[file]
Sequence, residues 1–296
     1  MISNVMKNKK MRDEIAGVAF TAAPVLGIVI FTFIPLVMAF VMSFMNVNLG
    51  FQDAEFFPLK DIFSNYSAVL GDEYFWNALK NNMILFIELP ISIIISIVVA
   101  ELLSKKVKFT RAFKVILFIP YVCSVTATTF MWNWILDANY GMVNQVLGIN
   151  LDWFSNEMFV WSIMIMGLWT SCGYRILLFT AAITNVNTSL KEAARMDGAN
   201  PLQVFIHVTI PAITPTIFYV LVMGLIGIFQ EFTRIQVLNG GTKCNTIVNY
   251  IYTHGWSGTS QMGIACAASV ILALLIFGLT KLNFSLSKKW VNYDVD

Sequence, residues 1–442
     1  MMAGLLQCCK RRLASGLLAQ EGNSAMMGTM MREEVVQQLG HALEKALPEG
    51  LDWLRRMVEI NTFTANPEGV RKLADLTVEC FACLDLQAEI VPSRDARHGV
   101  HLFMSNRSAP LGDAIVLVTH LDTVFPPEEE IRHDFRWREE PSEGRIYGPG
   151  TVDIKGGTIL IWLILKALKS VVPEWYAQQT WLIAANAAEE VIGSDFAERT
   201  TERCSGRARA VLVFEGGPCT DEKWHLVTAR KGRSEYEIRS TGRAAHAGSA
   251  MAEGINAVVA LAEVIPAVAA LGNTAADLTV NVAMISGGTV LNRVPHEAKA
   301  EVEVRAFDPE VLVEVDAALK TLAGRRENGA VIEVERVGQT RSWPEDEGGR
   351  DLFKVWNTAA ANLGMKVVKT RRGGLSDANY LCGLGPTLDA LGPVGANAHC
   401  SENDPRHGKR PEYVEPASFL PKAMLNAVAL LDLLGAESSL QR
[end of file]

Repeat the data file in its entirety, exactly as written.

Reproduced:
Sequence, residues 1–296
     1  MISNVMKNKK MRDEIAGVAF TAAPVLGIVI FTFIPLVMAF VMSFMNVNLG
    51  FQDAEFFPLK DIFSNYSAVL GDEYFWNALK NNMILFIELP ISIIISIVVA
   101  ELLSKKVKFT RAFKVILFIP YVCSVTATTF MWNWILDANY GMVNQVLGIN
   151  LDWFSNEMFV WSIMIMGLWT SCGYRILLFT AAITNVNTSL KEAARMDGAN
   201  PLQVFIHVTI PAITPTIFYV LVMGLIGIFQ EFTRIQVLNG GTKCNTIVNY
   251  IYTHGWSGTS QMGIACAASV ILALLIFGLT KLNFSLSKKW VNYDVD

Sequence, residues 1–442
     1  MMAGLLQCCK RRLASGLLAQ EGNSAMMGTM MREEVVQQLG HALEKALPEG
    51  LDWLRRMVEI NTFTANPEGV RKLADLTVEC FACLDLQAEI VPSRDARHGV
   101  HLFMSNRSAP LGDAIVLVTH LDTVFPPEEE IRHDFRWREE PSEGRIYGPG
   151  TVDIKGGTIL IWLILKALKS VVPEWYAQQT WLIAANAAEE VIGSDFAERT
   201  TERCSGRARA VLVFEGGPCT DEKWHLVTAR KGRSEYEIRS TGRAAHAGSA
   251  MAEGINAVVA LAEVIPAVAA LGNTAADLTV NVAMISGGTV LNRVPHEAKA
   301  EVEVRAFDPE VLVEVDAALK TLAGRRENGA VIEVERVGQT RSWPEDEGGR
   351  DLFKVWNTAA ANLGMKVVKT RRGGLSDANY LCGLGPTLDA LGPVGANAHC
   401  SENDPRHGKR PEYVEPASFL PKAMLNAVAL LDLLGAESSL QR